Richard Simmons on Monday filed a massive lawsuit against the National Enquirer, Radar Online and their publisher American Media Inc. on four counts of libel and one count of invasion of privacy.
The fitness guru alleges that a former associate, Mauro Oliveira — who was not named as a defendant in the suit — had “blackmailed, extorted and stalked” Simmons and had sold false and libelous information about him to the National Enquirer and Radar Online, also owned by American Media.
According to the suit, which was filed in Los Angeles Superior Court, Oliveira allegedly contacted the Enquirer on several occasions with different stories regarding Simmons’ absence from the limelight in recent years. The first time, Oliveira reportedly told the Enquirer that Simmons was “frail, weak and spiritually broken.” He reportedly contacted them again and claimed Simmons was “being held hostage by his housekeeper,” and another time said he was transitioning to become a woman.
The suit also contends that the Enquirer and Radar “knew and acted in reckless disregard for the fact that the information provided by Mr. Oliveira was false and that he was not a credible or reliable source.”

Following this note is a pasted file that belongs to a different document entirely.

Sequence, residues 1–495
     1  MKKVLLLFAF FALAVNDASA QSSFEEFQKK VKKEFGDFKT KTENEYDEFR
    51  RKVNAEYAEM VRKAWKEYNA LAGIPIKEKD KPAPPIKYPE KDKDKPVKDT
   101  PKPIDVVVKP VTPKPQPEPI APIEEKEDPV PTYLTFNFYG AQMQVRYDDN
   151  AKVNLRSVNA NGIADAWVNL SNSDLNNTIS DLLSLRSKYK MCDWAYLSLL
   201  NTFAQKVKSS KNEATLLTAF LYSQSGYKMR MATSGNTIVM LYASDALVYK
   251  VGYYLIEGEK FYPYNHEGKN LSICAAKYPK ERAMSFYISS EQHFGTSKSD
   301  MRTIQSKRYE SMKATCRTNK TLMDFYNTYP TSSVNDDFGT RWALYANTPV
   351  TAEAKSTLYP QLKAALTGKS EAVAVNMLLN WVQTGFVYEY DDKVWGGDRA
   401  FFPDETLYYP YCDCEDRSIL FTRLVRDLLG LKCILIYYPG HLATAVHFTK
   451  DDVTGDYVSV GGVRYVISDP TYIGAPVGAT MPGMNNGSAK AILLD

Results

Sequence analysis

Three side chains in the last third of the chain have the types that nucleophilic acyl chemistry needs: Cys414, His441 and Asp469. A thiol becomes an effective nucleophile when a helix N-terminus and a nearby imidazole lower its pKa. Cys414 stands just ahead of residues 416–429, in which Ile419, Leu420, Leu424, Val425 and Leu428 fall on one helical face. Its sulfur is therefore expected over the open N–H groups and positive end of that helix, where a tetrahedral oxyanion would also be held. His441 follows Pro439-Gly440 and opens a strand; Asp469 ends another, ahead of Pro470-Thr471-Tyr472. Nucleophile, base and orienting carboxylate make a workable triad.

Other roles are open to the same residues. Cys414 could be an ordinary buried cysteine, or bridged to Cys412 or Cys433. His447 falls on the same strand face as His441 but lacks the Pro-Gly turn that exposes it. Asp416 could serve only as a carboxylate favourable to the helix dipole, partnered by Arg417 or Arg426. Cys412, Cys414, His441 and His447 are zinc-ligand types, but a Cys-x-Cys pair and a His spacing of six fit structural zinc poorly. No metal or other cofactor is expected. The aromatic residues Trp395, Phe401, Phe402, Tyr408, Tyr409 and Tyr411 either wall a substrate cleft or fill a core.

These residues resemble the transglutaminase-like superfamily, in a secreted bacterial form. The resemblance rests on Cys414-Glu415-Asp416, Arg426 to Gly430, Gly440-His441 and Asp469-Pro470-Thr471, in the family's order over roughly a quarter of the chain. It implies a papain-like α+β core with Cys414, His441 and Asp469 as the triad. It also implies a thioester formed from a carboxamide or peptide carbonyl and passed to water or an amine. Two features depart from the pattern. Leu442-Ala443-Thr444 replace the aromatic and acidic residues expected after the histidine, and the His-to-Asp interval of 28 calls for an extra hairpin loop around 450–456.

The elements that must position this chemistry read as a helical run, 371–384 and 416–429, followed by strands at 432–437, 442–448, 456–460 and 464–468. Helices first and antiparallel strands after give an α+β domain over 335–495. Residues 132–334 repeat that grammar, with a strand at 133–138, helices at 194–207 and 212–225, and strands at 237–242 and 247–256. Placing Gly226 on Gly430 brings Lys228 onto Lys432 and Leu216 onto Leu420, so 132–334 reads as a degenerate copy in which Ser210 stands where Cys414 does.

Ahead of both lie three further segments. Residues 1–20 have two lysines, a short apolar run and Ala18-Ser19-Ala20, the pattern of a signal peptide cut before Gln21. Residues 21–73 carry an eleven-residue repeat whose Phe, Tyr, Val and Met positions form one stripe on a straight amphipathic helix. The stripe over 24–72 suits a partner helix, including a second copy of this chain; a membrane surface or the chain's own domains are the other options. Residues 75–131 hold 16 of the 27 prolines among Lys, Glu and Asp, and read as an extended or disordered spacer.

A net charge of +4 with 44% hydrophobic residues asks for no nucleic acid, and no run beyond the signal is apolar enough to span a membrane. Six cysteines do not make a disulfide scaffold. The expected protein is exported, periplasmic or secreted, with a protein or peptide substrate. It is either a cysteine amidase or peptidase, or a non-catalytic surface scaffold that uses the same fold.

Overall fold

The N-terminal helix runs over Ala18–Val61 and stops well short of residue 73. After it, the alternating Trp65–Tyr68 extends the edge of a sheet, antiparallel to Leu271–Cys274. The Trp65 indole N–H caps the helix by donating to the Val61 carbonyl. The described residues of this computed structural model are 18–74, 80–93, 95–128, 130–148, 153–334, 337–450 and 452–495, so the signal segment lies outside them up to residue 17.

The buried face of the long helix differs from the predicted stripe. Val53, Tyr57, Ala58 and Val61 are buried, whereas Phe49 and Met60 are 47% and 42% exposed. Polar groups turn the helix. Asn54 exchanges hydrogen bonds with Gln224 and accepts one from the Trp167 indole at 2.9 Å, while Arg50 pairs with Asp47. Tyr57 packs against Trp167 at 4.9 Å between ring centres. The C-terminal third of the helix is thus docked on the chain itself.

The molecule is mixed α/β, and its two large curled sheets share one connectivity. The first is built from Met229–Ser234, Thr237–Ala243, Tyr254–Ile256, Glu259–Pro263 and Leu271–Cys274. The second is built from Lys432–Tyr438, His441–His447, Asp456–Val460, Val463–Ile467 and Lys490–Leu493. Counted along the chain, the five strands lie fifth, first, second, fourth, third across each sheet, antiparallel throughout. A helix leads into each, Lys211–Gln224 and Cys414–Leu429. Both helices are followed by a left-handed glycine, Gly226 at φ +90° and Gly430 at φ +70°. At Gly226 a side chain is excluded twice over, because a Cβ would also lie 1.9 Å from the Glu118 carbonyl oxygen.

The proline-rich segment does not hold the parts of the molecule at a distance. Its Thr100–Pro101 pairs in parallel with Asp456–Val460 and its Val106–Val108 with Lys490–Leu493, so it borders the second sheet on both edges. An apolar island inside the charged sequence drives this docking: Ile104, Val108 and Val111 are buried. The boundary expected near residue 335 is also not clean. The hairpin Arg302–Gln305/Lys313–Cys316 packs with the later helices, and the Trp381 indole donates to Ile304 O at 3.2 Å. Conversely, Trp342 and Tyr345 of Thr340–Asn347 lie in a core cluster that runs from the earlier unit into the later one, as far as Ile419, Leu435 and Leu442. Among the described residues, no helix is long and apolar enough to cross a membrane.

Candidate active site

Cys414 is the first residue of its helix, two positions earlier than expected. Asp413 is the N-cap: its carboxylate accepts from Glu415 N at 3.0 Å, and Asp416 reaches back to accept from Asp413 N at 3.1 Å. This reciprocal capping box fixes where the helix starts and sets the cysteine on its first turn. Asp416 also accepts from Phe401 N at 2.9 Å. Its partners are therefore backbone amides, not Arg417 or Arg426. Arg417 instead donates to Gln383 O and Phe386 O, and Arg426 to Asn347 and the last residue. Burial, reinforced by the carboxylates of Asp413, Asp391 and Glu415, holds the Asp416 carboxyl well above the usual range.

Oliveira told People that the allegations against him are false.
Simmons is asking for an apology, a retraction, a permanent injunction, and real and punitive damages. He is also seeking a trial by jury.
A spokesman for American Media told People magazine, “While we have not seen Mr. Simmons’ complaint, we stand by our reporting about him, all of which was based on solid sourcing and material evidence. Should he choose to proceed with his lawsuit, we will defend it vigorously, and we look forward to the public vindication of our reports.”
Simmons — who had been making 250 personal appearances a year until dropping out of public sight in 2014, due to what he said was a knee injury — responded to the persistent rumors in March 2016, saying in a phone call to NBC’s “Today,” “No one is holding me in my house as a hostage.”